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Few dynamics in life are as subtle and nuanced as the therapist-client relationship, which involves a complex system of boundaries designed to protect both while providing a safe, healing environment. Unlike other relationships, however, boundaries within the context of a therapeutic relationship can be difficult to navigate. Intense feelings and unprocessed emotions can easily arise and trigger conscious or unconscious responses. Within the therapeutic context, this phenomenon is known as transference and countertransference— concepts originated by Sigmund Freud and later adopted by therapists worldwide.
Two Common Pitfalls in Therapy
Transference describes the act of unknowingly transferring feelings for someone from the past onto a therapist. For example, a young male client may find himself behaving rudely and aggressively toward an older female therapist. He may become argumentative, resistant to any suggestions, and even find himself despising the therapist despite their genuine concern and effort to help. This could be because of an unconscious association by the client, who relates the therapist with his mother for whom he still harbors resentment— or perhaps a grandmother, teacher, or aunt who triggers similarly negative emotions.
Countertransference is a mirror image of this process, and occurs whenever the therapist unknowingly transfers their unresolved thoughts, feelings, and emotions onto a client. In the context of a therapeutic relationship, this can be highly problematic and may appear in the following attitudes and behaviors:
- Pushing or forcing a client into action before they are ready
- Desiring a relationship outside of the therapeutic dynamic
- Harshly judging or condemning perspectives differing from their own
- Offering unsolicited advice instead of honoring free will and self-determination
- Transferring bad moods or unresolved emotions onto a client
How to Handle Transference and Countertransference – Practical Tips for Therapists
Fortunately, there are a variety of methods that prove useful for therapists dealing with countertransference, which inevitably occurs throughout the course of clinical practice. Whenever therapists find themselves offended or emotionally triggered by something a client says or does, clear, open communication can go a long way toward bringing about a satisfactory resolution. For example, if a client is consistently late for appointments, or habitually exhibits offensive body language or verbal communication, a therapist can calmly, directly ask them what is triggering the behavior they are observing. This helps de-escalate a potentially confrontational or unpleasant situation and simultaneously shows respect for the client despite their aggressive behavior. Even if it fails to produce the desired effect, empirical evidence suggests that such a conscious, empathic approach almost always results in improved outcomes when compared to confronting a client or internalizing a negative reaction.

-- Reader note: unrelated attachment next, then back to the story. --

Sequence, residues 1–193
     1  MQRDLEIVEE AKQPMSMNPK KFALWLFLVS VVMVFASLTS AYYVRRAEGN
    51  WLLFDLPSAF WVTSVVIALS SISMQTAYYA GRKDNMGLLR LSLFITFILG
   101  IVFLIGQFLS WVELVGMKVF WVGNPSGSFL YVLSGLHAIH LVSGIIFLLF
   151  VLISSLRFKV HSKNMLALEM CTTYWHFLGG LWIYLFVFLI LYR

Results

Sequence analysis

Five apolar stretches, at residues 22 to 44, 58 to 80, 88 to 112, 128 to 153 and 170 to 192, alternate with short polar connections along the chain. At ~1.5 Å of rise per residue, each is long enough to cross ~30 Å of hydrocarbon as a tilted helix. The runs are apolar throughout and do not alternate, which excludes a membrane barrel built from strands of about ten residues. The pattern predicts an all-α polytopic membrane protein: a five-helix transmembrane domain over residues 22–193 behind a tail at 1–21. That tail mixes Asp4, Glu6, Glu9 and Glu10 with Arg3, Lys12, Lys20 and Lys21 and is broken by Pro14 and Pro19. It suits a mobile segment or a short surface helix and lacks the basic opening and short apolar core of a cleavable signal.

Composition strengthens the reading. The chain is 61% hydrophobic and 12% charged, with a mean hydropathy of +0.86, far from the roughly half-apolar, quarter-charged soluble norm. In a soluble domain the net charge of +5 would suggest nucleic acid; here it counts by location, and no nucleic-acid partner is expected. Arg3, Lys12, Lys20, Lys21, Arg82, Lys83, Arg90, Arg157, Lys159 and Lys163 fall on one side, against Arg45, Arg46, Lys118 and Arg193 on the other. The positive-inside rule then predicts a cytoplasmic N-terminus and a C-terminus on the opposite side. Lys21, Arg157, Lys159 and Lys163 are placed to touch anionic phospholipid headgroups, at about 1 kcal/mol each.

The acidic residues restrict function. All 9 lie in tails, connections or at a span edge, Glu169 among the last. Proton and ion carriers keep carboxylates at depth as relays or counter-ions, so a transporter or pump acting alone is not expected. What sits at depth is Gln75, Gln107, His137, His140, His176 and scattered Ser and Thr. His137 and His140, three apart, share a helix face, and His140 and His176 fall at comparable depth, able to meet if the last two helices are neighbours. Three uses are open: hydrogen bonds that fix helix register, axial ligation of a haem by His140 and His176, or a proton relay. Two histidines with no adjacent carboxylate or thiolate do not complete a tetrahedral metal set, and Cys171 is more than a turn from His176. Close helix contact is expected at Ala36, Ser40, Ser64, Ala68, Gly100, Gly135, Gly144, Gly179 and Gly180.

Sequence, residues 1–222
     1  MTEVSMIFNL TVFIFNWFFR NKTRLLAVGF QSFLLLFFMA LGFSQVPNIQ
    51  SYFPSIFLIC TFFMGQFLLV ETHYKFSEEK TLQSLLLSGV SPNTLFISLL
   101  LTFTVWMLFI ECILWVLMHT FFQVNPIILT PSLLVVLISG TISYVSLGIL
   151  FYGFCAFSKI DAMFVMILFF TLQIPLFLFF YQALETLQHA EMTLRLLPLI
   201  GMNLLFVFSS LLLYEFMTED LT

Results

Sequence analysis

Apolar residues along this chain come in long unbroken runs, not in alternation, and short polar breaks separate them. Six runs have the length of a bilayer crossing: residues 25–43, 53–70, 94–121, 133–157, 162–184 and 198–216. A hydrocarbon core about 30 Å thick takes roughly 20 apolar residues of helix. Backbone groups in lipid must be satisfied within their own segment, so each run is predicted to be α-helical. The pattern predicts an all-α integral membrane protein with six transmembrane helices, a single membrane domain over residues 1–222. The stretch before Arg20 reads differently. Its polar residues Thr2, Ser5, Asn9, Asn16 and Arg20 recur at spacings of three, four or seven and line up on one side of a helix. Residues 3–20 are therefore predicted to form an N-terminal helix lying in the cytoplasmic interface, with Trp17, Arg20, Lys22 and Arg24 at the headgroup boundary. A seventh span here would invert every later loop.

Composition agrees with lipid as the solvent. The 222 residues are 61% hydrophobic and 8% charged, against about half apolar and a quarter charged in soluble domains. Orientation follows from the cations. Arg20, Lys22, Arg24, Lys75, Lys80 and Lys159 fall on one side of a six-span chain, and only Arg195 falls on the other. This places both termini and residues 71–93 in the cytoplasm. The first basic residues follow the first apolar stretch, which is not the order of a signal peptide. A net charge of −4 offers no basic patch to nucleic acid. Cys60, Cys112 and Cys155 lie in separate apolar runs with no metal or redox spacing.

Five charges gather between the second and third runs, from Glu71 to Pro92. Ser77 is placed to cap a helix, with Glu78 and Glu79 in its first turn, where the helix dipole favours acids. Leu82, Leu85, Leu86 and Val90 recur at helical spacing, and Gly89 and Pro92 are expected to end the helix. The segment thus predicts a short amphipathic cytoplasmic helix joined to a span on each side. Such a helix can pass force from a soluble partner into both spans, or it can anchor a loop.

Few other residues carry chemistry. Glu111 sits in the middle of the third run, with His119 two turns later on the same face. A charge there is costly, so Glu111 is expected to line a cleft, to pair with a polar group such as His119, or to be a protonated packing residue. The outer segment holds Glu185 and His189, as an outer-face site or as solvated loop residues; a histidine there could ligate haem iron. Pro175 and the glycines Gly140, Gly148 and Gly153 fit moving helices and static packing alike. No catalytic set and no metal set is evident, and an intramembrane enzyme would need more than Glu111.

Even the most experienced therapists can become overwhelmed on occasion, or suffer from the psychological, spiritual, and emotional issues triggered by intense therapeutic dynamics. Practical application of the following, time-tested principles help boost your own clinical practice while achieving more favorable therapy outcomes:
- Consult a colleague, supervisor, or clinical director whenever your own emotional responses to a therapeutic relationship are challenging and causing you to inappropriately sacrifice empathy and objectivity.
- Apply continual self-care and self-reflection to prevent compassion fatigue, burnout, excessive stress, or inability to do focused, quality clinical work.
- Deeply explore your own feelings toward a client or clients and, if necessary, write down the ways in which you are consciously or unconsciously defensive or reactive.
- Establish clear, appropriate boundaries regarding scheduling appointments, payment (if in self practice), and acceptable in-session behaviors.
- Never make assumptions when in doubt about any aspect of a therapeutic relationship or behavior. Instead, kindly and conscious discuss them with the client instead of allowing any unnecessary misunderstandings from occurring.